LONDON — He reads fluently (while wearing a Gruffalo costume), he does math with ease and he can explain scientific concepts such as how rain forms.
He is also 3 years old.
The toddler, Muhammad Haryz Nadzim, was invited last week to join Mensa, a British society whose membership rules require an I.Q. in the top 2 percent of the population.
Haryz, as his family calls him, received an invitation to the society after meeting with a consultant psychologist who assigned him a score of 142 using the Stanford-Binet intelligence test. Scoring above 145 is considered “genius or near genius,” according to the test’s website.
The 3-year-old is now Mensa’s youngest current member, the society said in an email on Wednesday. The youngest-ever member was age 2 years 4 months at the time of joining.
Haryz’s mother, Nur Anira Asyikin, said on Instagram, “My mini brainbox just got invited at his little age to be part of Mensa,” and congratulated her “very very clever” son.
Mensa was formed in Oxford, England, in 1946 by Roland Berrill, an Australian lawyer, and Lance Ware, a scientist and lawyer. It has more than 110,000 members across the world.
Meeting the membership criteria usually means taking an I.Q. test supervised by the society. For children under age 10 and a half, Mensa says on its website, an assessment by an educational psychologist must be made. That report is then submitted as evidence to support membership, as happened in the case of Haryz.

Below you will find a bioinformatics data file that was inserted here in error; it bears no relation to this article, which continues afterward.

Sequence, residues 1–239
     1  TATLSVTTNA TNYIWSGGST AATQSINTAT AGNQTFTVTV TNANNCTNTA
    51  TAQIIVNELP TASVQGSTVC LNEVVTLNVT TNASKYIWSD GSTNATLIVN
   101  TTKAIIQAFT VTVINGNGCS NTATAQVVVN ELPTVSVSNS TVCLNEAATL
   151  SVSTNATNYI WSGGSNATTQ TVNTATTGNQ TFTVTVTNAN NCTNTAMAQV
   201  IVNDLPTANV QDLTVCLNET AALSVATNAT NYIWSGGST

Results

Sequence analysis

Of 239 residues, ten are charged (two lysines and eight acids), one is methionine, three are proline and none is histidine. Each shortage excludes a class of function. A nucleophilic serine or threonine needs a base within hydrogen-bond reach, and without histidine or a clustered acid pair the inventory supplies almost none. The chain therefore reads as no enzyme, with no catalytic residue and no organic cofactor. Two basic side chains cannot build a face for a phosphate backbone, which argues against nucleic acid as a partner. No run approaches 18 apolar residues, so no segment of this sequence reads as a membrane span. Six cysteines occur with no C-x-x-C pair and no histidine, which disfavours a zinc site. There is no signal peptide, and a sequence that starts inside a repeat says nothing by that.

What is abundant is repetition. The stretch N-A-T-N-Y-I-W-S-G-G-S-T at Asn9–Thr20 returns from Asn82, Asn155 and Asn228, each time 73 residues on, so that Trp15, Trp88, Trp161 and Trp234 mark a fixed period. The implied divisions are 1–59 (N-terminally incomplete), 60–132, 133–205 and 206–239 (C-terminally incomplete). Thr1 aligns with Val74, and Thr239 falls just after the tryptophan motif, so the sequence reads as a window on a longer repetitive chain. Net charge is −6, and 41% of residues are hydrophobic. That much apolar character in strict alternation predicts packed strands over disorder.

Ms. Asyikin could not be reached for comment on Wednesday, but she said in a CNN report that her son was “very much your typical 3-year-old,” adding that he particularly enjoyed playing with modeling clay and toy bricks. Ms. Asyikin is an engineer and the family lives in Durham, in northeastern England, according to CNN.
An Instagram page dedicated to Haryz’s exploits includes a video of the youngster reading books, including “The Gruffalo,” by Julia Donaldson, singing nursery rhymes, and — just before his second birthday — recounting the story of the Gingerbread Man.
In a video posted on his Instagram profile on Tuesday, Haryz does simple mathematics: “Two plus six equals eight,” he tells the camera, drawing numbers and symbols in the air.
Ann Clarkson, a Mensa spokeswoman, said in an email on Wednesday that a high I.Q. was “like a toolbox — it gives children the equipment to learn, but they still have to put in the effort and practice to become expert at something.”
Though all children are unique, she said, what makes Haryz different is “his ability to learn very quickly and process information fast.”
Child prodigies have long caused admiration and interest. Alma Deutscher, from Austria, was composing piano melodies at age 4 and played Carnegie Hall in New York in December at age 14. In Belgium, Laurent Simons, a 9-year-old, was on course last year to become one of the youngest people in the world to graduate from a university.
But the pressure that comes with such gifts can take a toll in the long term.
Saul Chandler, a former violin prodigy who played Carnegie Hall twice before age 13 and suffered a nervous breakdown by 16, told The New York Times in 2018, then age 70, that if he could forget music, he would.
“They turned me into a trained monkey,” he said, adding that he would not want to be remembered for his childhood achievements. “Because I ended up doing a lot of other great things in my life, too.”
Despite her obvious delight in Haryz’s talents, Ms. Asyikin hinted at the pressures in an Instagram post.
Whatever her son went on to achieve, she wrote, “we will always be proud of you.”